Author: Clive Fleury
Published: December 5, 2018
Reviewed By: Jessica
Dates Read: March 20-27, 2021
Jessica’s Rating: 4 stars
When the Oceans Rise…The Truth Drowns
It’s the year 2031. Our future. Their present. A world decimated by climate catastrophe, where the sun’s heat is deadly and the ocean rises higher every day. A world ruled by the rich, powerful, and corrupt. A world where a good man can’t survive for long.
Hogan Duran was a good man once. He was a cop, forced to resign in disgrace when he couldn’t save his partner from a bullet. Now Hogan lives on the fraying edges of society, serving cruel masters and scavenging trash dumps just to survive.
But after four years of living in poverty, Hogan finally gets a chance to get back on his feet. He’s invited to join the National Security Council, the powerful paramilitary organization responsible for protecting the rich and powerful from the more unsavory elements of society. All he needs to do is pass their deadly entrance exam, and he’ll be rewarded with wealth and opportunity beyond his wildest dreams.
But this ex-cop’s path to redemption won’t be easy. The NSC are hiding something, and as Hogan descends deeper and deeper into their world, he starts to uncover the terrible truth of how the powerful in this new world maintain their power…and just how far they will go to protect their secrets.
In a world gone wrong, can one man actually make a difference, or will he die trying?
Kill Code is set 10 years in the future and the apocalyptic world is bleak: There is an 80% unemployment rate where one has to salvage items from the trash and take the lowest jobs possible in order to survive. Climate change has also ruined the world, as the sun can kill you.
Hogan Duran is our narrator and he tells us his story. He is a former cop who failed to save his partner from being shot and he lives with this daily. He struggles to live in this desolate world, but then faces a possible positive future: He is invited to become a part of the NSC (National Security Council), if he can make it through the most rigorous training he has ever gone through, and then his life will improve for the better.
Most of Kill Code takes place in the NSC training center and Duran meets other candidates (trainees) and we see how the candidates are fully tested from the physical, mental, logical, loyalty, and more. Men and women are treated and tested on the same level, but that does not mean that these strong women are any weaker than the men, which we see in Ruby, a candidate that Duran befriends that the reader grows to like. There are also the candidates that you quickly grow to hate.
Kill Code is a short novella at just under 140 pages and full of action. There is no rest for the weary in this novella. It is super-fast paced, and you can tell through his writing that the author, Clive Fleury does have a background in films and television. This novella is for adults, as there is usage of foul language and nudity throughout. I would say this novella could be for ages 15 and up, as it is nothing too extreme that has not been heard before. There are unexpected twists and Kill Code does have an ending, but the story is not over, and I look forward to the next in this series.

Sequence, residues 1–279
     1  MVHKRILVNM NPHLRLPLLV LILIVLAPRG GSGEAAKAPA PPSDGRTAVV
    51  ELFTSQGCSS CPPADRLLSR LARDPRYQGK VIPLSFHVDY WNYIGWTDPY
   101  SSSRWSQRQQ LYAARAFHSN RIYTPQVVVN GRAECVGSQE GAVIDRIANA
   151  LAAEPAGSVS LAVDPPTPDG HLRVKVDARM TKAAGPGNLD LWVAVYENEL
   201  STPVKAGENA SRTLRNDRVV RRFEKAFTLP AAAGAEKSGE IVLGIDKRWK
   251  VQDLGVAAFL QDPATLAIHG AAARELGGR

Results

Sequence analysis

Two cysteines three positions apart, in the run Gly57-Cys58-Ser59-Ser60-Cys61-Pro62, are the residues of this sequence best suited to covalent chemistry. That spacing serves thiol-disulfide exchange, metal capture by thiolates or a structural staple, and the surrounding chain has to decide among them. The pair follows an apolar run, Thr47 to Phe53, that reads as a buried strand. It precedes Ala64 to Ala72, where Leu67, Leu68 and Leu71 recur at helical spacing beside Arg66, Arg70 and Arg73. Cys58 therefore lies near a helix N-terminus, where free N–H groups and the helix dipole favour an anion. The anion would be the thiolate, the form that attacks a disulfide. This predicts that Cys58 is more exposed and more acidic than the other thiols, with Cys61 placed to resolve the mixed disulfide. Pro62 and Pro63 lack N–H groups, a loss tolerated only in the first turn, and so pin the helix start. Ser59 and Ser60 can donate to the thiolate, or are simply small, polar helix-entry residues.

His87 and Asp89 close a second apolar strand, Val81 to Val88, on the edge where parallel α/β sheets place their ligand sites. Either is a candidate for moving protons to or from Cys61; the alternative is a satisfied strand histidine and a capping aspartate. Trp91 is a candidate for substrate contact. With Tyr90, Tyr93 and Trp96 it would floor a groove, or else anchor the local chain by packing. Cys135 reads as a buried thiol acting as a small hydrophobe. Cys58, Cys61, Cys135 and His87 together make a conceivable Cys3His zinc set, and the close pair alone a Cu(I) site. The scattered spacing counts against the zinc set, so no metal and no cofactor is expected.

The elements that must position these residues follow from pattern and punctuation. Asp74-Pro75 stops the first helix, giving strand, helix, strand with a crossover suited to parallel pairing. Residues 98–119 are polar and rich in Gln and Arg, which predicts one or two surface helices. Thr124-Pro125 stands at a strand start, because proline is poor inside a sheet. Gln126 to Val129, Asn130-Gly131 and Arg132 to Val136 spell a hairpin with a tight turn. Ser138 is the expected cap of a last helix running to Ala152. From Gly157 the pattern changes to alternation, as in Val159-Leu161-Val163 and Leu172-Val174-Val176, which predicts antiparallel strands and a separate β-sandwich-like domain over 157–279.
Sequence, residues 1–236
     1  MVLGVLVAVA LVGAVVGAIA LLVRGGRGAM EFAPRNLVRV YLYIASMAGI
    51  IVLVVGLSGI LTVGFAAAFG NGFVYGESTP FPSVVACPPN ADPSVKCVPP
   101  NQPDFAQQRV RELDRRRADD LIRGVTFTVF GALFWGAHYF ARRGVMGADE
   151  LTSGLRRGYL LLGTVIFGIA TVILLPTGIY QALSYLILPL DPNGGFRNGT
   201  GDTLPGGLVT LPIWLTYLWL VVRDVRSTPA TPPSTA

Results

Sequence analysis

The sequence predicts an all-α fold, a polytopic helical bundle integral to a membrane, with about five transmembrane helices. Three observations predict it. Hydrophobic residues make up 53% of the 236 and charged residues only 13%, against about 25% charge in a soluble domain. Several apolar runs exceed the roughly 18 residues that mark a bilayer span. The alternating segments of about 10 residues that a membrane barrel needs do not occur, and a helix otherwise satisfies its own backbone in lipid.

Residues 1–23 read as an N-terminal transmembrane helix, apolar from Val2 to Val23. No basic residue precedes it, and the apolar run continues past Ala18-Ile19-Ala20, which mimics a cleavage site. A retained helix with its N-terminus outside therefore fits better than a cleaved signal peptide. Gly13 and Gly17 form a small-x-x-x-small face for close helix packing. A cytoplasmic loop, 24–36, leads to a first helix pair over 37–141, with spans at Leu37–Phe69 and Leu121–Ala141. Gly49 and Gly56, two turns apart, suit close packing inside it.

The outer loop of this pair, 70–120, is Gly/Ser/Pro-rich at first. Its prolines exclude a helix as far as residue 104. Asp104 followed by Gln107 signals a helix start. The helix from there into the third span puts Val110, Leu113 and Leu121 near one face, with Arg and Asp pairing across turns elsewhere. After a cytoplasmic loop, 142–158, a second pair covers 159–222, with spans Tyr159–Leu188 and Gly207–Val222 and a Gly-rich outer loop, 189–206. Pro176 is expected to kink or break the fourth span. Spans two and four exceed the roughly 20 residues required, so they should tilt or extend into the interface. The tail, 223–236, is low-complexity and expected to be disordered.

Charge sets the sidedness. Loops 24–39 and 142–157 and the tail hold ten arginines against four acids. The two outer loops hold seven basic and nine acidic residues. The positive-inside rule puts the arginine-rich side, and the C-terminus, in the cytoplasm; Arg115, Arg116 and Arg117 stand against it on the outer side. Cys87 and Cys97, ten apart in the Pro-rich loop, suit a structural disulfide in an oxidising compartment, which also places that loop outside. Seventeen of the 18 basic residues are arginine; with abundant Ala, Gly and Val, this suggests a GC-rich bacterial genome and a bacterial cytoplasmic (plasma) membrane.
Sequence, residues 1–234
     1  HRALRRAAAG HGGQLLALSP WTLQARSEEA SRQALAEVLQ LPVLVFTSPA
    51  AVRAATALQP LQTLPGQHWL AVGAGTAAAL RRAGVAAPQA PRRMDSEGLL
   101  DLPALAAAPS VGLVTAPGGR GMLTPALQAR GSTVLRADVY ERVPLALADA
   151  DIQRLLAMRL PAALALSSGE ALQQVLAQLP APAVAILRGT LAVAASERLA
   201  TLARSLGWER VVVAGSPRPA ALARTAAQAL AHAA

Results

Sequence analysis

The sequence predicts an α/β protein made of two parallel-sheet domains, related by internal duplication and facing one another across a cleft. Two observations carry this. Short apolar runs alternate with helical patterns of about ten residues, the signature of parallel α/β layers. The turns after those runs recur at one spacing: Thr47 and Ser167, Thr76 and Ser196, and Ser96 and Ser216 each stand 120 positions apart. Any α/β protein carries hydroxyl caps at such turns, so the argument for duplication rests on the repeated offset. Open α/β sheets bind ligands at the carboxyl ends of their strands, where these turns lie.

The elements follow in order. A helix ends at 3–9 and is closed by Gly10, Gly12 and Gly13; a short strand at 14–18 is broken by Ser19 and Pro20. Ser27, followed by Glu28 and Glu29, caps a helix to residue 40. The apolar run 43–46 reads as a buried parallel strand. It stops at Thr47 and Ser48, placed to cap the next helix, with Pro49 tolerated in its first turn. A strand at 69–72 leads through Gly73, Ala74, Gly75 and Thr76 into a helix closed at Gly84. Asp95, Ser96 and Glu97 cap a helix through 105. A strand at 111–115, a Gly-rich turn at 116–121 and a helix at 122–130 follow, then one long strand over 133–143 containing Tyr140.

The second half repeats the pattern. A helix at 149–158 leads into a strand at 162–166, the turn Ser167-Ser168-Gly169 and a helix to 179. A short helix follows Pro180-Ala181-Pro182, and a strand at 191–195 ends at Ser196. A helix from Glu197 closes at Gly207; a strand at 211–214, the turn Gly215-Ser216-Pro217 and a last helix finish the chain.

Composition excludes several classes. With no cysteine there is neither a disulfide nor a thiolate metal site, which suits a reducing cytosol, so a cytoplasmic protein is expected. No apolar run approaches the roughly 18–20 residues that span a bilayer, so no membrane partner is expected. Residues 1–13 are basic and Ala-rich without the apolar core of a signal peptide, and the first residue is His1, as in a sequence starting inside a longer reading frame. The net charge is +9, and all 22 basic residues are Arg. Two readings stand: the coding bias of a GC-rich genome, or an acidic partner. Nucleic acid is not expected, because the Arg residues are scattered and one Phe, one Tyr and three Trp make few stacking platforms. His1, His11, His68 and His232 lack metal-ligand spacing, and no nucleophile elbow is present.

Many thanks to the publisher TCK Publishing for granting me a copy to read and review in my own time.
Author: Hanna Jameson
To Be Published: April 9, 2019
Reviewed By: Jessica
Dates Read: March 19- April 2, 2019
Jessica’s Rating: 4 stars
For fans of high-concept thrillers such as Annihilation and The Girl with All the Gifts, this breathtaking dystopian psychological thriller follows an American academic stranded at a Swiss hotel as the world descends into nuclear war—along with twenty other survivors—who becomes obsessed with identifying a murderer in their midst after the body of a young girl is discovered in one of the hotel’s water tanks.
The Last by Hanna Jameson is an apocalyptic novel from an American’s perspective (Jon) who is stuck in a huge hotel in the middle of nowhere in Switzerland after nuclear bombs fell and whole countries are gone. Jon keeps a daily journal or as he calls it “A Narrative Chronicle of the Initial Post-nuclear Months by Possibly the Last Living Historian”.
This is a character driven novel with a side of murder mystery. The Last is written in first person perspective, and I was pulled in from the first line. Jameson shows what could happen in the world whenever the bombs fall. Of course, there is panic and we keep up with the news until it is no more. Then we are in seclusion with 20 strangers and the mystery: a dead girl. Jon becomes determined at all costs to figure out who killed her.
Everything felt realistic with The Last: From the fear of the unknown, adjusting to a new world with strangers, to thoughts of ‘should we stay or leave?’ We get to experience a variety of situations that occur and the consequences of those decisions in this new world. The Last is like an episode of The Walking Dead but without zombies. There is a little action, but the story focuses on the people and their situation.
I really enjoyed The Last. The ending is ambiguous, so it could be the end of the story or it could continue if Jameson decides to write more.
The only negative for me was a big one, and why I rated it four stars: The mention of politics and characters blaming each other based on if they were American and if they voted for the president. The president’s name is not mentioned, but you know who he is based on what is said. I like my fiction to be free from politics (unless I happen to be reading a politically charged book) or it is necessary to the story, so these instances were not enjoyed. Let’s keep politics out of our fiction!
The Last is recommended. Special thanks to Atria Books for granting me an e-arc copy via NetGalley. I really enjoyed it![Top]